Eremophila maculata, also known as spotted emu bush, or spotted fuchsia-bush is a plant in the figwort family, Scrophulariaceae and is endemic to Australia. It is the most widespread of its genus in nature and probably the most frequently cultivated Eremophila. It is a spreading, often densely branched shrub with variable leaf shape and flower colour, but the other features of the flowers such as the size and shape of the parts are consistent. The inside of the flower is often, but not always spotted.
Eremophila maculata is a low spreading shrub, which usually grows to less than 2.5 metres tall. Its leaves range in size from 3.8 millimetres to 45 millimetres long and 0.5–18 millimetres wide and range from almost thread-like to almost circular but are nearly always glabrous and always lack teeth or serrations on the edges.
The flower colour often varies even within a single population and may be pink, mauve, red, orange or yellow, often spotted on the inside. Its flowers occur singly in the leaf axils and have a glabrous, S-shaped stalk, 10–25 millimetres long. There are 5 sepals which are egg-shaped but end in a sudden point and are green or purplish-green. The 5 petals are joined for most of their length in a tube 25–35 millimetres long, but the lobes on the sides and bottom of the flower are often turned or rolled back. The outside of the petals is glabrous but the inside surface of the tube is hairy and the lobes have a few spider-web like hairs. There are 4 stamens which extend beyond the petals. Flowers may appear in almost any month but are most prolific in winter and spring.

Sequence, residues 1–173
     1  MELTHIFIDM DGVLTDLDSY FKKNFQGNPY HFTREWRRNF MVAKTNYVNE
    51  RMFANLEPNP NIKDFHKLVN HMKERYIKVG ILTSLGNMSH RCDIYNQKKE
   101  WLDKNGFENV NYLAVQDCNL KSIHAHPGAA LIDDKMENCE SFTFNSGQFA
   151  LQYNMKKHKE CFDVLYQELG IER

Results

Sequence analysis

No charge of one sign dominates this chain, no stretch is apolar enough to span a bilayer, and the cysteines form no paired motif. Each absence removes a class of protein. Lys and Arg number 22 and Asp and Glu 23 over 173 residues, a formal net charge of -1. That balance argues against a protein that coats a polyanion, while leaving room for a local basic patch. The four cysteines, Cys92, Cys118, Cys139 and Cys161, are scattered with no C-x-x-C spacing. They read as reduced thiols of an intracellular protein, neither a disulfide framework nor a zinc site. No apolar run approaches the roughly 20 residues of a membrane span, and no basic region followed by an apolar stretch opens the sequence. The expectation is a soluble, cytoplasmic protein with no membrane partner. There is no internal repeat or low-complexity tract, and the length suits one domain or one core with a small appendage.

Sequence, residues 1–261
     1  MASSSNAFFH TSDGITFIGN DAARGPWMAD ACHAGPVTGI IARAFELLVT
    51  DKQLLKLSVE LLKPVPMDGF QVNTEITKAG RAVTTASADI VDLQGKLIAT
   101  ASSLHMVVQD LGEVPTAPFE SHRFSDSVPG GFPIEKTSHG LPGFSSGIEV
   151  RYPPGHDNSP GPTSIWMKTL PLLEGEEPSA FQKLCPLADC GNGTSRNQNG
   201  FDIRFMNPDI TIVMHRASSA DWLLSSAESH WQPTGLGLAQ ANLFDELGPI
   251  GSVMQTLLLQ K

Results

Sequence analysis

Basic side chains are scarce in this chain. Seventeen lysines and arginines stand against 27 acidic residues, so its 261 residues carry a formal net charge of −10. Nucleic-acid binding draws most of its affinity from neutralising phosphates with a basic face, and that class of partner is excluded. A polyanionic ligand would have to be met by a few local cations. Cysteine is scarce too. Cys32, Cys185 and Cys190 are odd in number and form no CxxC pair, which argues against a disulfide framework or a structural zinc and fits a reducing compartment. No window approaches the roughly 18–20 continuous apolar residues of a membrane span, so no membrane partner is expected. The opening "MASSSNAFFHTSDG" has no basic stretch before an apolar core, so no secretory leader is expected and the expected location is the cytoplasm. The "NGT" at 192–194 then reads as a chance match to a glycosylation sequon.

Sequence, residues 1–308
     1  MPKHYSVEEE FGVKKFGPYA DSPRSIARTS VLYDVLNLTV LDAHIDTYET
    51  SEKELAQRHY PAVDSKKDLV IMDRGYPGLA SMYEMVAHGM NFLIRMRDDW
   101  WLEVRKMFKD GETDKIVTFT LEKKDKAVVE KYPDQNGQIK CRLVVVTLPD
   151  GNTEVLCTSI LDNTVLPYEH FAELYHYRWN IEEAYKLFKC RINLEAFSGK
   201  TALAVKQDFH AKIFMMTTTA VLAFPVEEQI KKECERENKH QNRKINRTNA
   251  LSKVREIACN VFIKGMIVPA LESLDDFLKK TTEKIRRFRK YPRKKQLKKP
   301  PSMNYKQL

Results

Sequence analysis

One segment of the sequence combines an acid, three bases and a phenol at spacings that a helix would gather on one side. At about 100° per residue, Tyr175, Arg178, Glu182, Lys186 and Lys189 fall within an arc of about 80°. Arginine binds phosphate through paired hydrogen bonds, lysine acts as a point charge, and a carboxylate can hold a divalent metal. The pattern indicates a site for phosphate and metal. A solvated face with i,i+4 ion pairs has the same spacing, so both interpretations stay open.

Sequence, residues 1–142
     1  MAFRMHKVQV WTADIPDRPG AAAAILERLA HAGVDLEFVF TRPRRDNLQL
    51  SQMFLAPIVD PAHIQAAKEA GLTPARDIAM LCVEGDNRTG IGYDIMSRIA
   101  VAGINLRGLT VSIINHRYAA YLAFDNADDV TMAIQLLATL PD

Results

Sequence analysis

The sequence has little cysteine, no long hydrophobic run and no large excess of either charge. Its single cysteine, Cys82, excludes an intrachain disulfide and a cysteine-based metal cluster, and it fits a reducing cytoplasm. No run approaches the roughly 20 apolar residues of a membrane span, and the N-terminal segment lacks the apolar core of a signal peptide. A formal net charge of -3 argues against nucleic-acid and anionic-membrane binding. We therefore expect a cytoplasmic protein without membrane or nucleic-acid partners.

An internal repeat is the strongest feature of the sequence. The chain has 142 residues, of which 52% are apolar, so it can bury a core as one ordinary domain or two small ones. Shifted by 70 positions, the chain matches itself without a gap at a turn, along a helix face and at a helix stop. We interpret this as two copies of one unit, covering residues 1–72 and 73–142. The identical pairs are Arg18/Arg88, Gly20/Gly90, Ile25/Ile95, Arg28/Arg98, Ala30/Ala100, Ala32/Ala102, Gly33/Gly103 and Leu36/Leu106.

The fruits which follow the flowers are dry, almost spherical and have an obvious beak. This plant is well known in horticulture and hybrid forms and cultivars such as "Carmine Star" and "Aurea" have been developed. The most common form in gardens is the cherry-coloured form of E. maculata subsp. brevifolia but other colours are becoming popular. It is easily propagated from cuttings, with firm tip cuttings taken during warmer months striking the most easily. In nature, spotted emu bush often grows in heavy clay soil and in the garden can be grown in similar soil or even in deep sand. A sunny position sheltered from strong wind is ideal but the shrub is very drought and frost hardy and can be grown in coastal areas which are sometimes subject to high humidity. It is recommended for gardens in the hotter, drier areas of the United States such as Arizona and New Mexico.